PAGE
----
Identifying solidarity: the ILC project on the protection of persons in disasters and human rights

Therese O'Donnell, Craig Allan

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The article considers the ambitious International Law Commission (ILC) project on the draft articles on the protection of persons in disasters and its declaration of solidarity on the part of the international community towards disaster-stricken individuals. The project adopted a rights-based approach and by its focus on a duty of international cooperation initially suggested a radical move to a more explicit intertwining of protective duties of disaster-affected states and various external actors. The ILC project also seemed to signpost a new direction for human rights protection. By moving away from the oft-criticized, but still powerful, model of treaty-making driven by identity politics, the ILC draft Articles focused instead on a broad notion of universal humanity and needs-based assistance. This article considers the need for the ILC project, its rationale and its particular provisions as regards the responsibilities of various actors when a natural disaster strikes. In articulating what he understood by “solidarity,” the project’s Special Rapporteur invoked specific writings by Emer de Vattel. This article evaluates the ILC draft Articles in the light of this particular understanding of solidarity. The article concludes that the draft Articles in their current form do not meaningfully establish a partnership of immediate post-disaster humanitarian assistance between a disaster-affected state and relevant external actors (particularly third states). The full potential of the duty of cooperation has been thwarted by concerns and objections expressed by states during the drafting process. Further, by allowing offers of assistance to remain a matter of discretion, for states in particular, the draft Articles simply privilege the Westphalian preserve. It would seem that for many external actors, the plight of disaster victims will continue to be someone else’s problem and one which they do not wish to identify or identify with.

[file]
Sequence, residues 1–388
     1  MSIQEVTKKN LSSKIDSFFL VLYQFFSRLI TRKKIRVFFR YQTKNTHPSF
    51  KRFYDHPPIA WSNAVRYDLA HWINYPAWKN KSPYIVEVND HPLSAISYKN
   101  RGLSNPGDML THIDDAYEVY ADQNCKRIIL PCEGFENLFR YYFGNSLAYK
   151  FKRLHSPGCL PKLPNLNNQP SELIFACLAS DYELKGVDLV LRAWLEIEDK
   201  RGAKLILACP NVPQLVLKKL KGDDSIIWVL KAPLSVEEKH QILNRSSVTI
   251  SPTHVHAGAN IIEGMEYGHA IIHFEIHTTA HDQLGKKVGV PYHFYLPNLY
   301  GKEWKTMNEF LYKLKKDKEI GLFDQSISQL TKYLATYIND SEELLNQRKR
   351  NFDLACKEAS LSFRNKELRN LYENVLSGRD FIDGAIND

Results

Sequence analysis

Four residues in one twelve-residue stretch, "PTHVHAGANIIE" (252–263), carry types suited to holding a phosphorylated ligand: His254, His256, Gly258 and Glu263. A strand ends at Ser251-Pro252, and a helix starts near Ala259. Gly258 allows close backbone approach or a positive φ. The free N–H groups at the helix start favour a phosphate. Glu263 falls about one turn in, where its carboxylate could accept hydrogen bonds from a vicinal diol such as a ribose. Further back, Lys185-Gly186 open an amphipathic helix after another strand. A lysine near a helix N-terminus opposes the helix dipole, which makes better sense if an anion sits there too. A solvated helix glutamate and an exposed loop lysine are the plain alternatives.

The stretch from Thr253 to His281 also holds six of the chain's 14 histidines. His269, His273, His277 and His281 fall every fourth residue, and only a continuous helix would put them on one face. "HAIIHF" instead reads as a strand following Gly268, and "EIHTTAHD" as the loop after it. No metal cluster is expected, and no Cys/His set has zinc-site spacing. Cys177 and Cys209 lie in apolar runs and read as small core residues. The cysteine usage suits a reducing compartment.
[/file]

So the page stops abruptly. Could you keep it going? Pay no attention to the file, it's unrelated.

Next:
Original languageEnglish
Pages (from-to)53-95
Number of pages43
JournalGeorge Washington International Law Review
Issue number1
Publication statusPublished - 31 Jan 2017


  • identity
  • natural disasters
  • international law commission


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